Houston captured two first-place prizes Monday night in the Missouri Community Betterment contest in Columbia.
The town took the top award in its population category as well as the top youth prize for the community’s size. Individually, Houston representative Jim McNiell was one of seven honored with adult leadership awards. Jaden Beasley was one of three teens winning youth leadership awards.
It was the second consecutive year and 10th time overall Houston won its population size since 1975. In 2017 and 2004, the community also won the grand prize.
Missouri Community Betterment (MCB) honored 19 communities, nine youth groups and 10 community leaders at its 55th annual conference. Nearly 200 volunteers, community leaders and youth from across the state — including several from Houston — were in attendance to celebrate community and economic development efforts, network with each other and connect with resource providers.
Other winners in Houston’s category were: Albany, second; Ava, third; Fayette, fourth; and Lathrop, fifth. In the youth category, Fayette took second.
Houston Community Betterment and Arts Council of Houston, comprised of volunteers, organizes Houston’s annual entry and contributes to projects throughout the year. A panel of judges toured the community in September.
Within the 2018 theme “Rural Rally,” attendees discussed how to think differently about their communities as they work to make them places where youth and adults alike want to build their lives. The event covered topics from placemaking, marketing and rural broadband to avoiding volunteer burnout and leadership succession planning. Featured speakers and organizations included the Missouri Department of Economic Development; University of Missouri Extension; keynote speaker Deb Brown with Saveyour.town; Andrew McCrea, nationally syndicated radio broadcaster of “American Countryside”; Dr. Arthur Mehrhoff, Missouri Humanities Council; Dr. Sean Siebert, innovation consultant from Cuba, Mo.; MIZZOU Alternative Breaks; and, Mark Kempker, “Bringing the HEET” a multi-pronged approach to addressing heroine usage.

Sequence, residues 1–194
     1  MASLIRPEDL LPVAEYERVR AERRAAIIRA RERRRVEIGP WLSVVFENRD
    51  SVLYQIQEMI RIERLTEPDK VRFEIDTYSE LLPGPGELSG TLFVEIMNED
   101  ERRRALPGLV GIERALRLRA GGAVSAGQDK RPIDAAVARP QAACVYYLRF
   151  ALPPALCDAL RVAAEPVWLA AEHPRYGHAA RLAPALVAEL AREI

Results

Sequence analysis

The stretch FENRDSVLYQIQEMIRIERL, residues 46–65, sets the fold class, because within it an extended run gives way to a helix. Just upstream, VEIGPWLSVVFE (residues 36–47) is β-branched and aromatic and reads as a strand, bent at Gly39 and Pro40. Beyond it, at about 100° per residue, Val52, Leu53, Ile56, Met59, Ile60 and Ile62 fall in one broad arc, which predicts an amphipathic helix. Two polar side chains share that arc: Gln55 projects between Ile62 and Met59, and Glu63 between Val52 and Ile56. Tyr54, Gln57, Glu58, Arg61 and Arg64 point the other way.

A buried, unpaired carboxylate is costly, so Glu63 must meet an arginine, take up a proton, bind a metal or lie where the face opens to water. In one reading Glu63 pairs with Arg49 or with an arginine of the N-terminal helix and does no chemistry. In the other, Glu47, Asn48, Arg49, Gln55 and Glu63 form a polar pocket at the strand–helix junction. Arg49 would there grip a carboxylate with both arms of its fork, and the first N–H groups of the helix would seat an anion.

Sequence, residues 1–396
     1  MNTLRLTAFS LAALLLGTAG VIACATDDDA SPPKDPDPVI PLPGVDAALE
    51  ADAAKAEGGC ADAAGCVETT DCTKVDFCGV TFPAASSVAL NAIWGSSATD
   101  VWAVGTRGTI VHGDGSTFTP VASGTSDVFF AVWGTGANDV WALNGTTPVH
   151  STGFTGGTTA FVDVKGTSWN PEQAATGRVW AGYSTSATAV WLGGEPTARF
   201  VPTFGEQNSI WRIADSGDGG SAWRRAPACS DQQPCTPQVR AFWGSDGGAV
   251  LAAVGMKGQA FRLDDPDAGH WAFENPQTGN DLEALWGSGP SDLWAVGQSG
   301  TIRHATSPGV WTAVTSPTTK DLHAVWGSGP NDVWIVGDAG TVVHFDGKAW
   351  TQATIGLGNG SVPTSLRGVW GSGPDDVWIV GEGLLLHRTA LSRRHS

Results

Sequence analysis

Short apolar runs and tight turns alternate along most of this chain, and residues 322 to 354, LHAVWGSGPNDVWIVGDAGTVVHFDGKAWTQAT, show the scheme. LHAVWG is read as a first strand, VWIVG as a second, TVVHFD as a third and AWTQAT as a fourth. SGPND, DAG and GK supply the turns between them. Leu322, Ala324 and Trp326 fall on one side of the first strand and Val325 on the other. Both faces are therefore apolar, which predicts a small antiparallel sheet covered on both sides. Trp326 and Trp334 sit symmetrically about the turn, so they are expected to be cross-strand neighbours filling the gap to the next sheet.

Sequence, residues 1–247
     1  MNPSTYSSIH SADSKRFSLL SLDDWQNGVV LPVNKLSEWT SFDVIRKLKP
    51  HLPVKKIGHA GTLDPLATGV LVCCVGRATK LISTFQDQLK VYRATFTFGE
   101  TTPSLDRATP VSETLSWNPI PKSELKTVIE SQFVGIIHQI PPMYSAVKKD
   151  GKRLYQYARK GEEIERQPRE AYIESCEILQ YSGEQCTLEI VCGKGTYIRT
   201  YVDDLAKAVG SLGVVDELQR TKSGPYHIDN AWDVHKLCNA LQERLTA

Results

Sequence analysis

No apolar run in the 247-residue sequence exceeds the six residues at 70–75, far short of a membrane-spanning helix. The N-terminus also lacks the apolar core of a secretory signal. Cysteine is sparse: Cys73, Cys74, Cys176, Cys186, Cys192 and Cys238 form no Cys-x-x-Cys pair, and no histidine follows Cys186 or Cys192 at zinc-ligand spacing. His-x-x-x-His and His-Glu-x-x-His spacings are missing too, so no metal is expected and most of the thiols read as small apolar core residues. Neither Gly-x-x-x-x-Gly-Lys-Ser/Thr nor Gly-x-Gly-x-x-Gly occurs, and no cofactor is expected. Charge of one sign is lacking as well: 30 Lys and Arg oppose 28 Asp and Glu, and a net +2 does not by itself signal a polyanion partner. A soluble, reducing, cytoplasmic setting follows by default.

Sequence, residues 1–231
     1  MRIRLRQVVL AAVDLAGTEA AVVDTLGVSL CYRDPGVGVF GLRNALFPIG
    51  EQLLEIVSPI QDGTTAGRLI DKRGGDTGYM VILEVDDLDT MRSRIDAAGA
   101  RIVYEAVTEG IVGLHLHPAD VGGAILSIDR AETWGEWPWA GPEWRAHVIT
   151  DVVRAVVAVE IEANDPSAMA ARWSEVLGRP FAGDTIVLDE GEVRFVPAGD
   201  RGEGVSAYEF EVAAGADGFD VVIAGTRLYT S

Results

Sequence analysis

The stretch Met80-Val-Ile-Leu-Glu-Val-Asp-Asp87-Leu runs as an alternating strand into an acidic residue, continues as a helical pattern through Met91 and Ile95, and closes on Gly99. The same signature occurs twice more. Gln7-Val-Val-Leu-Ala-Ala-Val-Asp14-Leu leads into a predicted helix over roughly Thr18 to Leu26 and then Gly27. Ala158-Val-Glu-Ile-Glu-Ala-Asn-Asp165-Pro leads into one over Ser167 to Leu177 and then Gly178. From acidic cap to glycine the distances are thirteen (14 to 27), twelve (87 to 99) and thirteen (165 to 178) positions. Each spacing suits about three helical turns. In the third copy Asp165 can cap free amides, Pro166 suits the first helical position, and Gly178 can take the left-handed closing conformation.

Buffalo won the grand prize in the contest.
“The Missouri Community Betterment Board congratulates all the volunteers from our communities throughout the state,” MCB President Louis Riggs said. “These dedicated individuals and their collaborative community and economic development efforts continue to make Missouri’s rural communities a place people want to call home.”
Most individuals within MCB participating communities are volunteers who have gathered a group of people who recognize the need for improvements and take it upon themselves to plan and facilitate group efforts to move their community forward. Many primary contacts are local business owners, elected officials and board members of various civic and nonprofit organizations. Local youth who are interested in leadership and civic engagement are also involved. MCB encourages communities to include and foster seniors, adults and youth in every aspect of their community betterment efforts. They are also invited to submit their projects each year in the awards program for recognition and celebration.